Summary357
Key Concepts358
Internet Resources361
References361
Appendix 12-AManufacturers/Distributors of Breast Pumps365
Chapter 13Breastfeeding the Preterm Infant367
Suitability of Human Milk for Preterm Infants367
Mothers of Preterm Infants368
Rates of Breastfeeding Initiation and Duration370
Research-Based Lactation Support Services370
Models for Hospital-Based Lactation Support Services371
Initiation of Mechanical Milk Expression372
Maintaining Maternal Milk Volume376
Evidence-Based Guidelines for Milk Collection, Storage, and Feeding378
Special Issues Regarding the Feeding of EMM380
Feeding at Breast in the NICU384
Discharge Planning for Postdischarge Breastfeeding396
Postdischarge Breastfeeding Management398
Summary399
Key Concepts399
Internet Resources400
References401
Appendix 13-AThe Preterm Infant Breastfeeding Behavior Scale (PIBBS)407
Chapter 14Donor Human Milk Banking409
Defining Donor Milk Banking409
A Brief History of Human Milk Banking409
Donor Human Milk Banking Beyond North America412
The Benefits of Banked Donor Human Milk413
Clinical Uses414
Current Practice420
Policy Statements Supporting the Use of Banked Donor Human Milk425
Summary426
Key Concepts427
Internet Resources427
References427
Appendix 14-AStorage and Handling of Expressed Human Milk432
Section 4Beyond Postpartum
Chapter 15Maternal Nutrition During Lactation437
Maternal Caloric Needs438
Maternal Fluid Needs439
Weight Loss439
Exercise440
Calcium Needs and Bone Loss441
Vegetarian Diets442
Dietary Supplements442
Foods That Pass Into Milk443
Allergens in Breastmilk443
The Goal of the Maternal Diet During Lactation444
Nutrition Basics446
Macronutrients447
Micronutrients448
Clinical Implications449
Summary453
Key Concepts453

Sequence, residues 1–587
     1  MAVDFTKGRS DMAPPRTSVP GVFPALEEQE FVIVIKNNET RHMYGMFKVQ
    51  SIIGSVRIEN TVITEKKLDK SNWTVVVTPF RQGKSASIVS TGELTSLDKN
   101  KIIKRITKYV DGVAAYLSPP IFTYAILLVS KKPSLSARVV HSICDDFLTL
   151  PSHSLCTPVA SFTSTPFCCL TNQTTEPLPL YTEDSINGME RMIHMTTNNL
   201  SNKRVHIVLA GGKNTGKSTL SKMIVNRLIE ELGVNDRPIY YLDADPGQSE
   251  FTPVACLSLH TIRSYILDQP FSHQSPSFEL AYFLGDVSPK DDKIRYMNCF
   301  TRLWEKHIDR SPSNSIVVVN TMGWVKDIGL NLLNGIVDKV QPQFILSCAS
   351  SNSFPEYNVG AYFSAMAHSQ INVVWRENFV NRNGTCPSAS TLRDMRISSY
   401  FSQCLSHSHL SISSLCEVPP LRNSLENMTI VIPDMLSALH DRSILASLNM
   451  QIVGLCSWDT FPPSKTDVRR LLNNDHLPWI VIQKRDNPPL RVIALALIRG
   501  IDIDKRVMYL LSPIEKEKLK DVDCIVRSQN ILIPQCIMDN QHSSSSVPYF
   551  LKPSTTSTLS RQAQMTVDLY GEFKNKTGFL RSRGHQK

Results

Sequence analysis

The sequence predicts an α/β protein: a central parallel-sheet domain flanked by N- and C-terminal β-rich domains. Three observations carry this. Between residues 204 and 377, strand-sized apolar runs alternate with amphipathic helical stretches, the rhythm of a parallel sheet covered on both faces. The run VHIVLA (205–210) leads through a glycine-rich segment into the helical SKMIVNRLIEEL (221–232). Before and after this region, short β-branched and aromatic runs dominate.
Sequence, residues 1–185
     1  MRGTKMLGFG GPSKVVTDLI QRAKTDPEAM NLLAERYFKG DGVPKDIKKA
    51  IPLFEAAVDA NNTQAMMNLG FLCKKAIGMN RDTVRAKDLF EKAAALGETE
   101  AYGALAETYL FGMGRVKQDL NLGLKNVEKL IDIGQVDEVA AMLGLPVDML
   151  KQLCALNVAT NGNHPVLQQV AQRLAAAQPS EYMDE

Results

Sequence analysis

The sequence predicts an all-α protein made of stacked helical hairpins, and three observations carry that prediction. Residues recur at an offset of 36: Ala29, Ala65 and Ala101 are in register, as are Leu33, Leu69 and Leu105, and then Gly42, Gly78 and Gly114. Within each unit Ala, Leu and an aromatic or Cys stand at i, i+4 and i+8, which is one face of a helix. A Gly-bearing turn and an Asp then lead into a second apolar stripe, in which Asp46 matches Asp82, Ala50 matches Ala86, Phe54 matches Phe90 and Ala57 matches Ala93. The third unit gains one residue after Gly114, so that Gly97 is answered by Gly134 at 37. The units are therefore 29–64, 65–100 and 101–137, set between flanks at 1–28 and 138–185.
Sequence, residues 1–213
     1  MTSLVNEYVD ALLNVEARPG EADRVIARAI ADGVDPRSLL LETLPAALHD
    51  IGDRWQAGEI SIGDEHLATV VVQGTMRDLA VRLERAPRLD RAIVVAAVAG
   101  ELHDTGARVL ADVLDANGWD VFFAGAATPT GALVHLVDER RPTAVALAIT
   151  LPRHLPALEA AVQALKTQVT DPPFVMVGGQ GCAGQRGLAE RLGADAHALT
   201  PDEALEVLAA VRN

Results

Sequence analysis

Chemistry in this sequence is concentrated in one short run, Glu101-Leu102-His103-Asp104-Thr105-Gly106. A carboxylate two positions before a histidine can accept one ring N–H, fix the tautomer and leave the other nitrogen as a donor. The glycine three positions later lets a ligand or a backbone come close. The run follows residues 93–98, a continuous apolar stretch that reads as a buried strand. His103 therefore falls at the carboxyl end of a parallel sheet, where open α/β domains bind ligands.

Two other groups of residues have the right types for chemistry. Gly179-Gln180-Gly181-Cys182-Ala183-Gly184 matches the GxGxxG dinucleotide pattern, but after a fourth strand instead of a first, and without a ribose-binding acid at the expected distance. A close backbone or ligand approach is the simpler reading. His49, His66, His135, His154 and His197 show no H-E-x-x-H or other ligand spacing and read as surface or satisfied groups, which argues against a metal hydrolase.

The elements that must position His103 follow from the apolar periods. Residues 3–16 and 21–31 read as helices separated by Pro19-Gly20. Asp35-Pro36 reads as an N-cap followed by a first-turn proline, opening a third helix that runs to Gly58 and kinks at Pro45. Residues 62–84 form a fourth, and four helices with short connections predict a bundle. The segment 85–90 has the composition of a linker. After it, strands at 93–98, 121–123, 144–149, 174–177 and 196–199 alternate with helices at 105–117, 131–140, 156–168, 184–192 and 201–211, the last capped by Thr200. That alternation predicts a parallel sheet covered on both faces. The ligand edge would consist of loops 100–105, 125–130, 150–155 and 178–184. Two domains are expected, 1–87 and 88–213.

Internet Resources454
References454
Chapter 16Women's Health and Breastfeeding459
Alterations in Endocrine and Metabolic Functioning459
Acute Illness and Infections463
Maternal Immunizations465
Surgery465
Donating Blood466
Relactation467
Induced Lactation467
Autoimmune Diseases470
Physically Challenged Mothers472
Headaches475
Postpartum Depression476
Asthma480
Smoking480
Poison Ivy Dermatitis481
Diagnostic Studies Using Radioisotopes481
The Impact of Maternal Illness and Hospitalization482
Summary482
Key Concepts483
Internet Resources484
References484
Chapter 17Maternal Employment and Breastfeeding487
Why Women Work487
Historical Perspective488
The Effect of Work on Breastfeeding488
Strategies to Manage Breastfeeding and Work489
Community Strategies501

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Breastfeeding and Human Lactation 4.5 out of 5 based on 0 ratings. 2 reviews.
Anonymous More than 1 year ago
PerfectRose More than 1 year ago
This book is an excellent resource for the lactation consultant or someone wishing to gain more information on the subject of lactation. It seems to be geared towards nurses, is not oververly technical, yet is very comprehensive. I have the previous edition and was able to see many of the updates in this new edition. However, with some subjects, revisions seem to have been overlooked. A person new to lactation would probably not even notice. Overall, this is still my favorite resource for lactation.